America: We're getting what we deserve.

    • by chihowa (366380) *

      I also wonder if CS graduates are less likely to give back to the school as alumni. This usually doesn't represent a huge source of income (especially for public schools), but it can help a department out in trying times (like now). Graduating students is nice, but graduating students that donate to the school is better.

    • One thing that no one has mentioned here is that WWU is located right in the center of the UW campus area in the U district of Seattle. There are a lot of Universities here, so it stands to reason that some of them are better known for CS than others. If I were going looking for a CS degree right now, WWU wouldn't even be a consideration anyway. :p

    • As for the utterly irrational economic policies that have resulted in scores of directionless kids heading to college and picking the easier majors, distorting the market for technical degrees and leaving us with bottomless piles of college-educated baristas, well.

      I hate to break it to you, but at my college a CS degree IS one of the easier degrees. Physics, math, biology, even history and music were much harder, more intense in depth studies. Literally anyone could get a CS degree. I don't know where I'm going with this either, but most IT professionals I know do not have CS degrees.

      • by AuMatar (183847)

        IT!=programming. IT doesn't need a degree, it would be like getting a degree to be an auto mechanic. Programming does take years of study to do efficiently and well. That's what the majority of the graduates go into, and the number of non-degreed people in it is low and dropping. Probably because most of the non-degreed people I've met knew the basics, but never bothered to learn the underlieing concepts of discrete math, complexity, or data structures- they just learned enough APIs to limp along.

      • I'd have to agree with you. I went to an institution with a top 10 CS program. I did dual majors in CS and Physics, and I'd have to say CS was a cake walk compared to physics.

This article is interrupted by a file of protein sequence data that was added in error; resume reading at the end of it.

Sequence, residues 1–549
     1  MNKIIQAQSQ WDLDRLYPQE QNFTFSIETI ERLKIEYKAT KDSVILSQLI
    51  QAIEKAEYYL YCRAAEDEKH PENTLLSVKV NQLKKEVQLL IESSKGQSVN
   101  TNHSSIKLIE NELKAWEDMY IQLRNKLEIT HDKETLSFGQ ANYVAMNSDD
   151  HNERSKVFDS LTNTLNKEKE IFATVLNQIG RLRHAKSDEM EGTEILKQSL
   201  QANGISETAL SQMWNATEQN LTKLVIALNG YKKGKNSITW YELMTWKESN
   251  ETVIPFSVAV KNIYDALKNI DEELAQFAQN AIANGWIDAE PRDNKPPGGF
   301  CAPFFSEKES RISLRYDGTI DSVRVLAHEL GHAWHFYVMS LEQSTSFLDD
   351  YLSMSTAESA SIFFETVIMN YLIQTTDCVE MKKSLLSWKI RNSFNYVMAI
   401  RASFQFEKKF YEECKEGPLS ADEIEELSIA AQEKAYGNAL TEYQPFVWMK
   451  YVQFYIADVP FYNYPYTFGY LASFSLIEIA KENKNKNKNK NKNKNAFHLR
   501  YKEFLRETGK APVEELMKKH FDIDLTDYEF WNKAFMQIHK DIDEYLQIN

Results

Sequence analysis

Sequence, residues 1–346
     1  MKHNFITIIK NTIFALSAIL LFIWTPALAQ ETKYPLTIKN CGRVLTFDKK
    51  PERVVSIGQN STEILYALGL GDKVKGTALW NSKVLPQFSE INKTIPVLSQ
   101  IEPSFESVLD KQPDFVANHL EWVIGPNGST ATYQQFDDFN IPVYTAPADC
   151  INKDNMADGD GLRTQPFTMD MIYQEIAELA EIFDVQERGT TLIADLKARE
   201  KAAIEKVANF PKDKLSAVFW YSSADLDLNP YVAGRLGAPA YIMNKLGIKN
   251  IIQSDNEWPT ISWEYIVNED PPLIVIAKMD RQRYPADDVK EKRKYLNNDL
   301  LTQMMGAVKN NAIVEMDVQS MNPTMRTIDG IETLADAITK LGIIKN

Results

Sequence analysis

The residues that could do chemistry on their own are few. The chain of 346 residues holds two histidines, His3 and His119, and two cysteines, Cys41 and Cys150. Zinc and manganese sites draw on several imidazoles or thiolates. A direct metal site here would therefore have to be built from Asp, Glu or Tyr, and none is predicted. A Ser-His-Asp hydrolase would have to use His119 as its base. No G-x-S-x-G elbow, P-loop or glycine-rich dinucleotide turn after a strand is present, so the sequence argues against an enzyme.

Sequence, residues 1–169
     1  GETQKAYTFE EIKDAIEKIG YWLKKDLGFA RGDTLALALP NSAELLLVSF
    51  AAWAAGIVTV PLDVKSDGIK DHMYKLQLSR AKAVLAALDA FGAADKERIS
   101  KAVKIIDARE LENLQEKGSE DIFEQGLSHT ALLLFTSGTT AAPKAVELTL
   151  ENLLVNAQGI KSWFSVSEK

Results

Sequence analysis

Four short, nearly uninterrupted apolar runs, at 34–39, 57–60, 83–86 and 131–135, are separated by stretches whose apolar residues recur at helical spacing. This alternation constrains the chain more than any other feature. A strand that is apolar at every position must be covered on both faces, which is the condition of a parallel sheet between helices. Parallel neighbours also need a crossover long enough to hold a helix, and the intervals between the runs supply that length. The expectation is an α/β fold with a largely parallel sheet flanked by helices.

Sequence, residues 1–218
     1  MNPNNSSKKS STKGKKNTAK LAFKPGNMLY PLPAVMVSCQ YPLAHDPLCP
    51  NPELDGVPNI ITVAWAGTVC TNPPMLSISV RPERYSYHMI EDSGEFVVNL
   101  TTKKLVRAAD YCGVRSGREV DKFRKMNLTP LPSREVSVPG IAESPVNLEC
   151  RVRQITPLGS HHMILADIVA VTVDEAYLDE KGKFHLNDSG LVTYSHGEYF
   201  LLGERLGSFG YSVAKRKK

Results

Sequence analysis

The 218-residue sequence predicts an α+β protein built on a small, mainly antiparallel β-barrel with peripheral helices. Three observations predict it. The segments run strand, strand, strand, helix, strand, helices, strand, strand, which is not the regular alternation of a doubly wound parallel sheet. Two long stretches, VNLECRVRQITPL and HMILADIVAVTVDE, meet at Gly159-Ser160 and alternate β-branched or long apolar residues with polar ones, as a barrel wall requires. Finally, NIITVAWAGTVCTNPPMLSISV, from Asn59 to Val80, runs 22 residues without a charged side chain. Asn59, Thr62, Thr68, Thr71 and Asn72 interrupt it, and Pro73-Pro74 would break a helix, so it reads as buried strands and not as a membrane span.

• by hey! (33014)

      There are no easy majors; only easy departments.

      In some places Economics is an easy degree. Not everywhere. I had a friend who taught one of the introductory level Economics courses for majors. He shocked his class by giving them one week to finish "Wealth of Nations" at the start of the course, and it didn't get easier from there. His position was that the world didn't need more half-assed econ grads. I had another friend who taught the anatomy class that washed out many jocks who wanted to become certifi

      • by umbramei (1817502) on Saturday May 14, 2011 @09:18PM (#36130382)

        Not that I'm saying this department is weak; as far as I know it's a terrific department. But the decision to cut the department isn't purely a matter of whether the subject is important. It's a matter of whether the department is economically successful, or successful at serving a public need.

        The CS department at WWU is, in fact, quite strong. (For instance, as with most ABET-accredited CS programs, graduating majors are required to take the ETS Major Field Test; their scores put the program at or above the 95th percentile among all institutions that require this test.).

        As far as economic success, the cost-per-student is right about average among academic departments at the school (it pays for its own equipment through lab fees), and enrolls a sizable number of students. Moreover, the program's record for new-graduate employment and salary ranks first or second among all programs in the university. Not only does this bode well economically for the university in terms of alumni donations and loan repayment, but it's one indicator that the program is "successful at serving a public need."

        Other indicators are the regional hiring boom in CS-related positions, and statements and reports from Washington businesses, industry organizations, and the government. For example, the state's Higher Education Coordinating Board recently released a report showing that the state's need for computer science majors outstrips all other higher-education needs in the state, by far.

        This story isn't about a school making a tough, but necessary economic decision in the face of a budget crisis. (Since already-enrolled students are guaranteed the chance to graduate, eliminating the department would have little economic impact for several years, and the cost-per-student would go up enormously as the number of students dwindled. Besides that, tenured CS faculty would, except in a financial emergency, have to be allowed to teach in other departments in which they were qualified, such as Mathematics.) What this story is about is out-of-touch members of the administration who profoundly fail to understand the role of computer science in modern society, both academically and economically.